The renewable energy, smart grid, green building and energy efficiency industries are becoming important contributors to the economy of North Carolina and important economic clusters are forming and these cleantech sectors are beginning to create significant numbers of jobs in the state. The NCSEA estimates more than $3.5 billion is generated annually from renewable energy and energy efficiency activities in North Carolina. The renewable energy and energy efficiency industries are expanding and increasingly resilient in North Carolina. Across the entire supply chain, these firms employ 10,250 workers, maintain a presence in all 100 North Carolina counties, and generate more than $3.5 billion in annual revenue. One of the most important themes found throughout this report is the economic impact of manufacturing firms. Manufacturers support the greatest percentage of reported employees and the highest average number of employees.
The renewable energy and energy efficiency sectors include a wide range positions that cover the supply chain. These growing cleantech sectors include: such positions as engineers at R&D firms, technicians at manufacturing facilities, skilled trades involved in the building industry, installers of renewable energy technologies, and professionals providing consulting, architectural, legal and accounting services. Most of the manufacturing firms in North Carolina continue to produce components – rather than end units – for the renewable energy and energy efficiency industries.
The North Carolina Renewable Energy & Energy Efficiency Industries Census 2009 goes on to report that renewable energy manufacturers in North Carolina support an average of 36 employees per firm – the highest average among any business type considered.Further, manufacturers identify energy efficiency and solar power as the most important business focuses, at 40% and 26% respectively. The second greatest percentage of employment is in high performance building and retrofit, accounting for 20% of reported jobs. 85% of high performance building or retrofit businesses identify energy efficiency as the most important business focus. 60% of these companies chose solar power. 18% of green employment also originates from research and development firms. 15% of green jobs come from education, services, and consulting firms; 14%of green jobs in North Carolina come from renewable energy installers, designers or developers; smart grid firms support 3% of the reported jobs.
Through the prolonged economic downturn and tight credit markets, employment in the renewable energy and energy efficiency industries increased 6% since July 2008. This signals the resilience of the renewable energy and energy efficiency industries, especially when considering more than 200,000 jobs – or roughly 5% – of North Carolina jobs were lost from July 2008 to July 2009.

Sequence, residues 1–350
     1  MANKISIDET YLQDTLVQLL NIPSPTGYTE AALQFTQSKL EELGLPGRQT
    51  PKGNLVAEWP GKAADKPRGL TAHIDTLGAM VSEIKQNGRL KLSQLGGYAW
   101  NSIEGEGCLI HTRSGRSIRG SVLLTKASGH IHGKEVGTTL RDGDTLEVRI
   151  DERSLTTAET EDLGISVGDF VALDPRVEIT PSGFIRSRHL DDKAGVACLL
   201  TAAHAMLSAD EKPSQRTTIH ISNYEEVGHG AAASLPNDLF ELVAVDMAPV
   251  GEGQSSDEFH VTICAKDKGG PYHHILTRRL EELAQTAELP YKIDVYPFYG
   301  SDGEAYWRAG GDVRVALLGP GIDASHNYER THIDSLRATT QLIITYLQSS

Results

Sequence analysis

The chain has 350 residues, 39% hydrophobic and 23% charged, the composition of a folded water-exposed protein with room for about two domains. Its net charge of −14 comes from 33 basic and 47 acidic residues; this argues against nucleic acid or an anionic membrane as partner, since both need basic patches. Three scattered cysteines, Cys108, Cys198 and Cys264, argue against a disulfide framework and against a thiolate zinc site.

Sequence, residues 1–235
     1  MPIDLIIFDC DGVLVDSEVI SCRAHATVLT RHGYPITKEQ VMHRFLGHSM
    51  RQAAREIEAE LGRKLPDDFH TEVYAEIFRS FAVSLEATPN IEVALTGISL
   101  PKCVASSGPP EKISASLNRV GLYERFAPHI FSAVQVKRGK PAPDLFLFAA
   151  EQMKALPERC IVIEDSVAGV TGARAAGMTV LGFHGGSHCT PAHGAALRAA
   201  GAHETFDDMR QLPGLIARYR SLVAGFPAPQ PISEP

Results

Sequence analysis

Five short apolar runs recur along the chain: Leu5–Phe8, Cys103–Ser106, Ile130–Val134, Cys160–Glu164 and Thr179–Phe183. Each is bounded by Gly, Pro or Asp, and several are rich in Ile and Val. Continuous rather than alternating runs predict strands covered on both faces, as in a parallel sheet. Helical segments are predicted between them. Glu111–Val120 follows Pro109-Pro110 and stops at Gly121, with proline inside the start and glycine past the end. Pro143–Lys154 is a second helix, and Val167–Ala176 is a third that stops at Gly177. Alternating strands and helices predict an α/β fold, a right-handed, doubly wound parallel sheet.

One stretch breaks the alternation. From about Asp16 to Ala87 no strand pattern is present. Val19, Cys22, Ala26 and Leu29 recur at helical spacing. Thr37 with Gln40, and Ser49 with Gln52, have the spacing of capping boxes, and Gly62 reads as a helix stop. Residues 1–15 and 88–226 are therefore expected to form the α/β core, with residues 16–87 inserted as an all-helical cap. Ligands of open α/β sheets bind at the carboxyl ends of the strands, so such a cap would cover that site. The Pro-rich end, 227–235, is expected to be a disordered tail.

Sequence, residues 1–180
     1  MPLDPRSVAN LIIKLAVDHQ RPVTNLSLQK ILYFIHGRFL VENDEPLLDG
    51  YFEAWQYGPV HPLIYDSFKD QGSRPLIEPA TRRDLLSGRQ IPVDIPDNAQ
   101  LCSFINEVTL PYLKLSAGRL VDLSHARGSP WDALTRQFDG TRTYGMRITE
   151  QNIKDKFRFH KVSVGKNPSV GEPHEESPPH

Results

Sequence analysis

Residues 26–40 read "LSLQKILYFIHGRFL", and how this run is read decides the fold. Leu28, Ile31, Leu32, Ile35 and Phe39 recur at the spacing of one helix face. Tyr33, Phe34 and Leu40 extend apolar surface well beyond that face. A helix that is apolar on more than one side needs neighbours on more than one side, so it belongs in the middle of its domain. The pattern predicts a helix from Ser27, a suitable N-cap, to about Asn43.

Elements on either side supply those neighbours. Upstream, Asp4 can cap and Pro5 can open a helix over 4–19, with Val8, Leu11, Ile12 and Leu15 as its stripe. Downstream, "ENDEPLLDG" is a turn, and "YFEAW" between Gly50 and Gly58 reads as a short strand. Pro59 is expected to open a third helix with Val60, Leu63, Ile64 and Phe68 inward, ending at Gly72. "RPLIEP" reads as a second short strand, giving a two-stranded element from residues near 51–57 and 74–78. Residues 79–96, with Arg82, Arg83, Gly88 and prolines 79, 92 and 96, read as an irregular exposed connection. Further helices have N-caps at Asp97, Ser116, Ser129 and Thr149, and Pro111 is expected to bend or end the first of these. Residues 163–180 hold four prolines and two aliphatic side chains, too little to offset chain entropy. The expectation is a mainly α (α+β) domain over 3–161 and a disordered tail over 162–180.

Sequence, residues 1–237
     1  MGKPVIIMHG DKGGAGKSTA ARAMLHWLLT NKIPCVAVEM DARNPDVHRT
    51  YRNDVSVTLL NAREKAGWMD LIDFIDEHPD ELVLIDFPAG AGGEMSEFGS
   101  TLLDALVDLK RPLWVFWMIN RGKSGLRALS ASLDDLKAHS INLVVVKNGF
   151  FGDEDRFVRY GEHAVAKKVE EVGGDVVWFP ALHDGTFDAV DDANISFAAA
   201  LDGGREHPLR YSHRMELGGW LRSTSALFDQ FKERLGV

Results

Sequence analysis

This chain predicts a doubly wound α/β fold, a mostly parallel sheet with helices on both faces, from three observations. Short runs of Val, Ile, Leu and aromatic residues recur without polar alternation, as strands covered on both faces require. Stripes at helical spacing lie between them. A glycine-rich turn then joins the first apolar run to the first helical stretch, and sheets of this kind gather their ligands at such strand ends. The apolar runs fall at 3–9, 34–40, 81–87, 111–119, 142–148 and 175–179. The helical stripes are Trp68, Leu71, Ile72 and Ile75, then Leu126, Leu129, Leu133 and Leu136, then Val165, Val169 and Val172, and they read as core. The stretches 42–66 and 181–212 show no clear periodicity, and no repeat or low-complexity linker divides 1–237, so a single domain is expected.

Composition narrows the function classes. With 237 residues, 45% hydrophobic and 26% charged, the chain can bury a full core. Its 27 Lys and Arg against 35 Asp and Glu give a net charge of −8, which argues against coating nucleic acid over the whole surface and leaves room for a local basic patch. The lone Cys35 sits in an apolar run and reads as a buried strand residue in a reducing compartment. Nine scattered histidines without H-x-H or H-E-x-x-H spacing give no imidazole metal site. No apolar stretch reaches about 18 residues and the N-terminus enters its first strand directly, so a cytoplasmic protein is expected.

The Pew Charitable Trusts “Clean Energy Economy Report“ found that in 2007 North Carolina reported 1,783 cleantech businesses that provided a total of 16,997 green jobs. Over the decade 1998-2007 employment in the North Carolina cleantech sector grew by 15.3% compared with a 6.4% growth in overall employment for the state over the same period. Over the two year period (2006-2008) North Carolina saw around $82 million of venture capital invested in its cleantech sector.
Environmental Job in North Carolina
A new Ceres report finds that implementing two new air pollution rules proposed by the Environmental Protection Agency (EPA) will create 1.5 million jobs over the next five years. The power sector will invest almost $200 billion total in capital improvements over the next five years. Among the states that will see the biggest job gains from this construction activity are North Carolina. The Ceres report estimates that around 78,000 new environmental remediation and pollution control related jobs will be created in North Carolina as a result of these environmental standards.
Renewable Energy Jobs in North Carolina
In 2009 North Carolina had 52 renewable energy companies, and directly or indirectly employed 1,092 people in its renewable energy sectors.
Development of renewable energy sources in North Carolina as well as in increasing energy efficiency is supported by the Renewable Energy and Energy Efficiency Portfolio Standard (Senate Bill 3), that has passed in the General Assembly. It will require investor-owned electric utilities in the state to provide up to 12.5% of electricity needs via either renewable energy sources or energy efficiency (up to 5%) by 2021. Legal limits on municipalities and homeowner associations to ban the installation of solar collectors has also been passed into state law by the General Assembly and this should help remove what all too often can be a contentious and stubborn roadblock to rooftop solar.
North Carolina was the ninth ranked state in the country for new solar PV installations in 2010, according to a report by the Solar Energy Industries Association (SEIA) and GTM Research. Once it is complete, North Carolina will be home to the 2nd largest solar PV project on the east coast. Phase II of the Davidson County solar project was expected to begin adding 13.4 MW to the existing 4 MW facility in December 2010. In addition, at least five other non-residential projects are in the development pipeline, all of which have received the necessary permitting.
Clean Energy Pathways, a renewable energy company, has signed a joint venture agreement with Green Mountain Properties to develop a $28m solar power plant in Green Mountain, North Carolina.
North Carolina’s biopower projects consist of four landfill gas facilities, one waste-to-energy facility, one forestry residue incineration facility, and one biogas anaerobic digestion facility located at a landfill. Plans are in the works for three additional incineration facilities which will use poultry litter as feedstock, presumably to meet the state’s RPS carve-out for biopower from poultry litter.
Energy Efficiency and Green Building Jobs in North Carolina
The North Carolina General Assembly has passed a bill (Senate Bill 668) that requires that existing state buildings reduce energy consumption by 20% from baseline energy use in 2002-2003 by 2010. New state buildings must exceed national standards by 30%. More generally, while energy consumption continues to increase in North Carolina in response to a growing population, energy use per capita dropped slightly between 1995 and 2000 and substantially between 2000 and 2005, and this trend is continuing.